With less than one week remaining before the government rolls out its 12 per cent hike to value-added tax (VAT), business owners in New Providence are racing against the clock to ensure that their businesses are compliant with the new tax regime.
While the government gave businesses owners a little over one month to prepare, it’s a timeline that some say was too close for comfort.
“We will not be ready for the VAT rollout,” admitted Keith Miller, assistant manager at Super Value Cable Beach.
“There are a lot of products that will have to be priced all over again.
“I think the customers are gonna be confused. They have expectations, they expect (breadbasket) prices to drop suddenly on July 1. But, it’s not gonna happen immediately. So, I think the government needs to inform the general public that there is a process and they have to be patient.”
Meanwhile, Erika Robinson, proprietor of Da Glass Kitchen, told Eyewitness News that she is now in the process of trying to craft new ideas to ensure that her business stays afloat.
“My business has no choice other than to be ready for VAT,” exclaimed Robinson.
“I have to think of ways to create specials for example. Luckily, in this business, I have that mobility where I can be creative.
“We want to be affordable and we want the consumer to be able to continue to eat because this is disposable income (that they use to purchase from us). For most persons, if the prices get too high, they are going to start to prepare food at home.”
She asserted that this could possibly lead to a decline in overall sales.
Despite the possible fall off in revenue, Robinson said that her establishment will be VAT ready by the weekend.
Other local businesses like Forsythe’s Communications told Eyewitness News that the process to prepare for the 12 per cent VAT implementation was an easy one.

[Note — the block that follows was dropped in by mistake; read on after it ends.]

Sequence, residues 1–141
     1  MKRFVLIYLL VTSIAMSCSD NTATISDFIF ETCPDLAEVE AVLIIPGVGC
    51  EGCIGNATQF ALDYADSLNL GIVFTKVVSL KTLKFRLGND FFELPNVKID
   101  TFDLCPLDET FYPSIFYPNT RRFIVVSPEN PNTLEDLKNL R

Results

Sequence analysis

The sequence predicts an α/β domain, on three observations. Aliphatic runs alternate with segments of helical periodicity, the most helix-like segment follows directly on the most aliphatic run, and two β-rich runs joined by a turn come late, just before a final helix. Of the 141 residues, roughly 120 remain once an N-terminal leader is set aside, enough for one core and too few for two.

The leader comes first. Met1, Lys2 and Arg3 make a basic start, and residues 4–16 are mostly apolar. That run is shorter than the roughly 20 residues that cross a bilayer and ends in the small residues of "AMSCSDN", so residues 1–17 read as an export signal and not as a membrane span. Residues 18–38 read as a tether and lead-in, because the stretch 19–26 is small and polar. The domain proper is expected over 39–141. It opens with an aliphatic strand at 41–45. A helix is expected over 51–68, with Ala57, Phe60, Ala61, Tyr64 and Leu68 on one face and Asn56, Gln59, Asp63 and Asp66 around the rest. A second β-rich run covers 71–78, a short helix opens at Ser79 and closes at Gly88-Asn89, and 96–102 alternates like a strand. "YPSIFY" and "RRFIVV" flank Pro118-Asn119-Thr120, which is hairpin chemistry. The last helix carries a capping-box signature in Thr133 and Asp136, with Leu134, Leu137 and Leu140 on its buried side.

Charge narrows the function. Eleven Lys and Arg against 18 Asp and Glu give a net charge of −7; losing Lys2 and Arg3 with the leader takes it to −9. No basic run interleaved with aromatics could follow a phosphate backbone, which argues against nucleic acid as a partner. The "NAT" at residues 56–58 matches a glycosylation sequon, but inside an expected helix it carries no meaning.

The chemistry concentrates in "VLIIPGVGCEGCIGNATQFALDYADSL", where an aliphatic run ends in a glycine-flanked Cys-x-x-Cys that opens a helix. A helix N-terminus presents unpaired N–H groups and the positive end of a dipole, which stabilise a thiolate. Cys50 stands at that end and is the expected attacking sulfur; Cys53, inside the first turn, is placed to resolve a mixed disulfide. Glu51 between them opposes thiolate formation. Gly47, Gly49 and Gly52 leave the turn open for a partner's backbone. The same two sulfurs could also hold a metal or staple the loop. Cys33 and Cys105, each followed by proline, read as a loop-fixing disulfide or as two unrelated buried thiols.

The company, which specializes in the sale of technological gadgets, confirmed that the establishment is not only VAT ready, but they also do not expect to lose their customer base post-July 1.
“We were able to reprice all of our items within one week,” said Andrew Knowles, manager.
“Most of our stuff is stock items and it won’t be a problem for us. It’s just the other persons that have smaller items and a lot of them that might have an issue.”
Carey’s Fabric and Uniform store is one business establishment which has lots of products to price and no extra time to get it all done.
But according to the store’s owner Kim Carey, the business is ahead of the eight ball.
“It was definitely time-consuming but we recognize that this is something that has to be done and so we are complying with it,” shared Carey.
“We will definitely be VAT ready.”
Carey is one of a number of local business owners who will benefit from the sweeping tax exemptions that government introduced in the new fiscal budget.
The fabric store will no longer have to pay duty on its material imports.
“We are quite pleased and excited about the fact that fabrics will be duty-free and we intend to pass that on to all of our customers,” she revealed.
Some business have introduced pre-VAT sales in an effort to bolster revenue ahead of the new tax regime.
But while that might provide some incentive for consumers to stock up on goods, businesses remain on the fence as to whether it will help to cushion the possible decline in sales once the 12 per cent tax materializes.